View Full Version : Machinisms out in public.

12-13-2003, 01:28 PM

[This message has been edited by pgmrdan (edited 03-19-2004).]

12-13-2003, 01:36 PM
Well, my dad always used to call a spray paint can a "spray bomb". Probably not a good thing to say anymore. Also if you are getting on a plane and see your buddy Jack you shouldn't yell out "HI JACK".

Asking for a portable cable ferrule swager is guaranteed to produce a blank stare.

[This message has been edited by Evan (edited 12-13-2003).]

12-13-2003, 02:30 PM
pgmrdan. I used to go to an Ace Hardware store for off the shelf fasteners, One day I went there first to see if they had some 5mm button head allen screws. I was told there wasn't such animal, because if there was they would have em.
he then asked what I wanted them for.
"Well. I'm a rocket scientist............." He's avoided me ever since.LOL

12-13-2003, 03:05 PM
The thing that gets me is when I ask someone for a particular part or piece and the first thing they say is "What's it for?" It's almost never for what it was intended for and if I tell them "I'm building a German Equatorial Mount" then they are hopelessly lost for good. What the hell does it matter what it is for?

Forrest Addy
12-13-2003, 03:41 PM
I recall going into a good competent auto parts store for two feet of 1/32 plant fiber gasket material off the roll. The guy gave me a blank stare and came out with "Make and model".

There's many uses for automotive parts in places where their designers had no intention of use. I made several lapidery thingys from disk brakes and there's been many a fine tool reforged from leaf strings. The single bearing front wheel holds an attraction for me. Surely there has to be a use for a bearing that both supports a load and resists over-turning moments.

12-13-2003, 03:57 PM
I learned my lesson at HD. It was a weekend, I needed a v-belt for one of my machines. Assuming they would have an assortment of sizes I asked the first clerk if they had belts. He wasn't sure and asked the department head. The head guy disappears into the back room and comes out with a replacement belt for some cheapo Delta tool they sell. To make matters worse he has this know-it-all grin on his face as he hands me the belt.

I said no, that's not exactly what I want. "Well you asked for a v-belt, didn't you?", he says sarcasticly. At this point I can see a quick exit is my best strategy.

I leave and my wife in the background hears the head guy tell the clerk how it takes years of experience to deal with difficult customers.

12-13-2003, 06:32 PM

[This message has been edited by pgmrdan (edited 03-08-2004).]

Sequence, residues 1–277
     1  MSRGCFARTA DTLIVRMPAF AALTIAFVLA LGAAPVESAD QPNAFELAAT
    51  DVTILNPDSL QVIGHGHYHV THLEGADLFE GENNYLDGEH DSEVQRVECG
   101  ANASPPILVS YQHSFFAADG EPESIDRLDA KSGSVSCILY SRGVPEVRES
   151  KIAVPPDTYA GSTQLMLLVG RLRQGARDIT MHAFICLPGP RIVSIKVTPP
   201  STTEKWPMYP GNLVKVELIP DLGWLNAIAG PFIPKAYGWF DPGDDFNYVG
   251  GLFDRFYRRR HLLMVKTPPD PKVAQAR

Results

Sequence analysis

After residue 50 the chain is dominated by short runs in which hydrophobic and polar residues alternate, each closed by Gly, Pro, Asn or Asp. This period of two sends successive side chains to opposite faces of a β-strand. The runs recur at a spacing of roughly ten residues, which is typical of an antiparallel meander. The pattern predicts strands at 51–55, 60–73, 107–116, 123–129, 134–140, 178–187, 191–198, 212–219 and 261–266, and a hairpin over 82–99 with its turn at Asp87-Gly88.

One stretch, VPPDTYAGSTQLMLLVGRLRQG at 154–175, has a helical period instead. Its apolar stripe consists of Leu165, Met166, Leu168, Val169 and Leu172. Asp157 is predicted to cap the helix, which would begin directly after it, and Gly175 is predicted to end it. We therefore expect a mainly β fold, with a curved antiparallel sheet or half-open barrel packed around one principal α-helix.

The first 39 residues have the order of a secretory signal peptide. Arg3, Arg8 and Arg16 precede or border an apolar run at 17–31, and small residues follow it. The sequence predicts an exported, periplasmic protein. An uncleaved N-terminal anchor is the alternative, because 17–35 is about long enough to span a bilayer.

12-13-2003, 06:49 PM
Metric drills are even scarier - lots more!

Wish I could afford to have them in .1mm steps - maybe if I win the lottery...

12-13-2003, 11:21 PM
reading this thread and the stories of asking for a part to use it for something other than originally intended, made me laugh. i would say 60 or 70% of the time when i ask for some strange part, it is to use it for some "project" i dreamed up. my latest round of blank stares came when gathering pieces for my rotary phase converter. i'd go to pick something up and they'd sure enough ask what it was for. i'd tell them "it's for a rotary phase converter i'm building." that would generally shut them up.

andy b.

12-13-2003, 11:41 PM
I have metrics taps and use them a lot, but try to get metric drills. Some place in Florida sells Chinese made ones for $30 for a small set, but they are the same quality as HF.

Try to get a metric feeler gage for $2.98 at the local discount hardware store.

I went to Canadian tire and needed some Imperial bolts they had them, don't ask for imperial bolts at Lowes. They are basically SAE, but the name Imperial throws people in the states.

When you know all of the terms and sizes, you are beyond the average person at the retail level. That makes you dangerous, you know much more than they do, which may endanger their jobs and their mating position in their species.


12-14-2003, 01:01 AM
I have found that if you DO answer what for, they quickly say they don't have anything "for those". Doesn't matter if its the same dang thing.

If you really get a goodie, its " we wouldn't have anything like that".

I went to a good local hardware store, not a box store, with a gates number to find a V-belt. The original is a pain to get at, and was working but worn, so I wanted a new one to be ready, and didn't want to take out theold one.

They couldn't cross it, they had to have the old one!

I looked at the guy as if he had two heads, and said, "you know that the old one will be stretched and not the right size, don't you? And what do you do if its broken?"

He told me that wouldn't happen........